I’m not about, like, striving for one thing, you know unilateral focus. You know there’s different things that you can do and different things will feed you in different ways and yeah so I definitely don’t view that as a failure but it does take so much self-discovery and I think what’s very beautiful for people now is that, you know, there’s podcasts like this as The Offbeat Life. Where it literally shows you and holds your hand and teaches you how to do this. And I would have loved to have something like this existed back in those days. 

Debbie:

That’s really the huge difference before, you know five, even ten years ago, there was a lot less people who are doing something that you’re doing Rosie and people don’t understand or realize that it can be possible. You can do it and the corporate ladder is one way of doing it. And it’s not a bad way but it’s not the only way, there’s other ways too to do it as well.

And you know, me having grown up in New York City, and you talking about what life and culture is like in terms of business and in England and London, specifically is, you know, fairly similar. It’s a lot of that culture and it’s also a lot of hustle culture that, you know, a lot of us just don’t align with like it’s not the lifestyle that you want to align with. And that’s why you ended up and you mentioned this accidentally being in Panama, let’s go through that. How do you accidentally land in Panama.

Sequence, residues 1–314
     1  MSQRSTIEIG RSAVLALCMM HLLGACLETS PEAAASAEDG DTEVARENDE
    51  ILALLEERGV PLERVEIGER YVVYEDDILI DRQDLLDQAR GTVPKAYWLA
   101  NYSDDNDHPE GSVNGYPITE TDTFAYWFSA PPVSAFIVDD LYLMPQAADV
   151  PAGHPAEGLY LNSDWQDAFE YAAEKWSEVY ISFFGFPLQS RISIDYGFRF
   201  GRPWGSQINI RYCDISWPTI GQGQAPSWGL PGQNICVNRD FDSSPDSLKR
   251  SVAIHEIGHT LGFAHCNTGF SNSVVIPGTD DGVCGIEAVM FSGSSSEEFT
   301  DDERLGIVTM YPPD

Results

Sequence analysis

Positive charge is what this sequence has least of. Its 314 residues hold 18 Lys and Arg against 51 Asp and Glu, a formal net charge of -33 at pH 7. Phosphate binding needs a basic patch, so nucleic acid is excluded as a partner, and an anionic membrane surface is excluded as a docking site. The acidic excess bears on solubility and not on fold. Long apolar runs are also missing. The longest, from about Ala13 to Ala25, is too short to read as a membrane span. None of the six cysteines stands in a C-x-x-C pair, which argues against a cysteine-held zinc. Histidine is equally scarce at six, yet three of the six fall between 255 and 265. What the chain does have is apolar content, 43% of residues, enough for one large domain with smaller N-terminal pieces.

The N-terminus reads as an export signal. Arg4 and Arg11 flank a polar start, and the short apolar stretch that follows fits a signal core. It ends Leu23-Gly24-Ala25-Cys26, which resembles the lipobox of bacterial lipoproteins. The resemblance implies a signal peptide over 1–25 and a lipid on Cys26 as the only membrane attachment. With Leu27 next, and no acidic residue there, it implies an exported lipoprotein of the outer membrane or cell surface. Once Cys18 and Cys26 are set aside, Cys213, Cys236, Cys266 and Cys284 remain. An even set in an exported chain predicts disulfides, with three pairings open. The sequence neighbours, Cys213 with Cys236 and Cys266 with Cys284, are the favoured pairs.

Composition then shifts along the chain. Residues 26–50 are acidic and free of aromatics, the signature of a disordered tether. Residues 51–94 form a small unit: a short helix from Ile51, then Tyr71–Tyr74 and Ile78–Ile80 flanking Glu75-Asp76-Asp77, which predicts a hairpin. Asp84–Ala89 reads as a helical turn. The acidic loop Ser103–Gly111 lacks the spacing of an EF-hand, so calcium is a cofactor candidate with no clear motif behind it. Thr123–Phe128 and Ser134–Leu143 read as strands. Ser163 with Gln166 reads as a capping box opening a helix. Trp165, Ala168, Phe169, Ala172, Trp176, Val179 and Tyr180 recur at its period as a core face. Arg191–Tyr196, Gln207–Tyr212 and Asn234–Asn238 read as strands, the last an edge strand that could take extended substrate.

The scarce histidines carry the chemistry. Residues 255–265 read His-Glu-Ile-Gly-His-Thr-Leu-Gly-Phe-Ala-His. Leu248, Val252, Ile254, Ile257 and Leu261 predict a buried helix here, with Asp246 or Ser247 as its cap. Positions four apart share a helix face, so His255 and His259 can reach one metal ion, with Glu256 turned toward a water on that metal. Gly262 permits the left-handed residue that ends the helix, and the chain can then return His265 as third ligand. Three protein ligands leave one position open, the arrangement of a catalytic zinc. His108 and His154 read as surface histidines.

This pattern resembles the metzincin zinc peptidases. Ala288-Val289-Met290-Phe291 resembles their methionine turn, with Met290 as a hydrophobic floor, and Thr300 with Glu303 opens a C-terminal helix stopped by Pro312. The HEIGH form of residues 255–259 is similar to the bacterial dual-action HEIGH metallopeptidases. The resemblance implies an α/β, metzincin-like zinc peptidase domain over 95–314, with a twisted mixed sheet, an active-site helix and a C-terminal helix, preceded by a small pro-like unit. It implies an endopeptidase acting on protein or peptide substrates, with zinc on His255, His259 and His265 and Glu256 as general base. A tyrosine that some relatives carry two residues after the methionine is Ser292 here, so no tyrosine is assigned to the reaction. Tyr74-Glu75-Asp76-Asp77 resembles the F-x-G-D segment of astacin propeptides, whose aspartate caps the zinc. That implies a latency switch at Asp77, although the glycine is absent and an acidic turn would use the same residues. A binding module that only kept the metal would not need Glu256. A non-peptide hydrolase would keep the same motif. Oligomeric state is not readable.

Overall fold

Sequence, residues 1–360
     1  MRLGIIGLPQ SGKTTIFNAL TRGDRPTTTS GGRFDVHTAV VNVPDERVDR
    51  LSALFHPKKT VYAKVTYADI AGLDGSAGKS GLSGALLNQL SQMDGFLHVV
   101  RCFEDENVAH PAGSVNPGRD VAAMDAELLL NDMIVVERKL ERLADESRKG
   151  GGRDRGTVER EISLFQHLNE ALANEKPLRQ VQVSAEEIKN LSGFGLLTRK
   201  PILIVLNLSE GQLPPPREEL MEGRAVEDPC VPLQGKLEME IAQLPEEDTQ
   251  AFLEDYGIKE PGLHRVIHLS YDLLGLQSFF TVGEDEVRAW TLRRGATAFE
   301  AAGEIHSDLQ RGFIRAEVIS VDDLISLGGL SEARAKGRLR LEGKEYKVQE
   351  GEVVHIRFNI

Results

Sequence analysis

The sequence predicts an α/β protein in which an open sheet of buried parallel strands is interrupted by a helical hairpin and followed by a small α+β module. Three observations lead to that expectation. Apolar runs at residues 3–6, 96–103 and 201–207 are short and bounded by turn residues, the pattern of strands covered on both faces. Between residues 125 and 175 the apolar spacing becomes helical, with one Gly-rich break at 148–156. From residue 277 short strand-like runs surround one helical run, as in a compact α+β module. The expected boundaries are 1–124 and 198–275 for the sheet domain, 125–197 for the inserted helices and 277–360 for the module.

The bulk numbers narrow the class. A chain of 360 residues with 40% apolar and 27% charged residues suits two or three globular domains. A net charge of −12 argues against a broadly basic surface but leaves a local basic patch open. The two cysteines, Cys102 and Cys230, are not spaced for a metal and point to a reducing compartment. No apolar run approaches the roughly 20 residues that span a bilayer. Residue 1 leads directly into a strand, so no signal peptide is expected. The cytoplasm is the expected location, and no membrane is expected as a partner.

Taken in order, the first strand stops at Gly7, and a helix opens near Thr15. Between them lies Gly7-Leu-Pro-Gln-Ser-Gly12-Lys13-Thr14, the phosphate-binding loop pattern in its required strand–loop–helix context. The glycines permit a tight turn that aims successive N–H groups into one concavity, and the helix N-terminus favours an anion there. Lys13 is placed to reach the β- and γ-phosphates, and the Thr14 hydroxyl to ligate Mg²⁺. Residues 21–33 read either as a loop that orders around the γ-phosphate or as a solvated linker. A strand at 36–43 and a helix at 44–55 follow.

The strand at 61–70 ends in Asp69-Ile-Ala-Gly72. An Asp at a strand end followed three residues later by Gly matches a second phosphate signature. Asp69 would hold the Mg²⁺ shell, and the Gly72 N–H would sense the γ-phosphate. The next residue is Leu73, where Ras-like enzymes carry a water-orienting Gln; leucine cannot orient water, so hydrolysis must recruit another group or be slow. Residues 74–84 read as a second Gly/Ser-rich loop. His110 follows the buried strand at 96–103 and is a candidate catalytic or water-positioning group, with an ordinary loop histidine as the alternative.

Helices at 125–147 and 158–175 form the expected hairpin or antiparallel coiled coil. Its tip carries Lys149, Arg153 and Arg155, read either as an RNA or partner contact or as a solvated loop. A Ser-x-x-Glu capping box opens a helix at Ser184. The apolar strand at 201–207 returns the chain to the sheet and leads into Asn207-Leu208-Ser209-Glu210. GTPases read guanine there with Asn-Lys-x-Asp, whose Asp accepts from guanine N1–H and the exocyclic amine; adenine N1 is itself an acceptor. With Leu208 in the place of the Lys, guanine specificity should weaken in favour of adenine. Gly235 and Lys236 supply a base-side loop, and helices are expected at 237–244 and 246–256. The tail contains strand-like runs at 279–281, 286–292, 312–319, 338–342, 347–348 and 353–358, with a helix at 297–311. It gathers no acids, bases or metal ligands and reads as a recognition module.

Rosie:

So, I had a relatively big break up at the start of 2015, was on New Year’s Day actually. He left London and moved to Bali and I needed to get away, my sister suggested. She said, why don’t you go travel? And she actually so lovely. The best person that exists. She actually helped me take over my swimwear brand. And I just went away to Costa Rica, I booked three months in Costa Rica.

And back then, I didn’t know about you know, border jumps and, you know, backpacking and going to multiple countries. So I thought, okay, you can only stay in Costa Rica for exactly three months.

So, I booked a flight to be there for exactly 3 months and planned everything I wanted to see. You know, made my budget and all of that good stuff, but I got to Costa Rica, but as a very much happens for some people, you know, the reality and the dream don’t really align. I found it wasn’t really my place and I just, I didn’t find that Nirvana I was looking for and I pretty much have done everything I wanted to do in those three months in three weeks.

And so I was just sitting, you know, in this hostel and, you know, right there was this Lonely Planet guide book. It was the Central America on a shoestring and I think it’s so interesting that I now write for Lonely Planet. I think it’s such a lovely full circle story, and there was a Lonely Planet guide book there and I was reading through then there was Panama, and I thought this could be interesting, you know, they’ve got some cool history, the Canal. Sure, let’s go to Panama for 5 days.

So I’ll go there for 5 days and explore and from the moment I arrived in Panama. It’s like, that’s when my life started.

I met the best people. I just felt free. I was so surprised by how beautiful and livable the capital city was. Panama City is called The Miami of the South, those beautiful, tall buildings overlooking the water, for a quarter of the price, you know, living in a fabulous condo with a pool and all that stuff for a quarter of the price you find in Miami.

Also that it’s all just westernized. But also you’re still very much Latin, there’s always wonderful music, escaping from somewhere and something you can dance to and spicy food, and seafood and islands, like you’ve never seen before. And I was just so enamored of this place from day one just in the capital and then day two, I meet this mysterious gentleman who I talked to for a couple.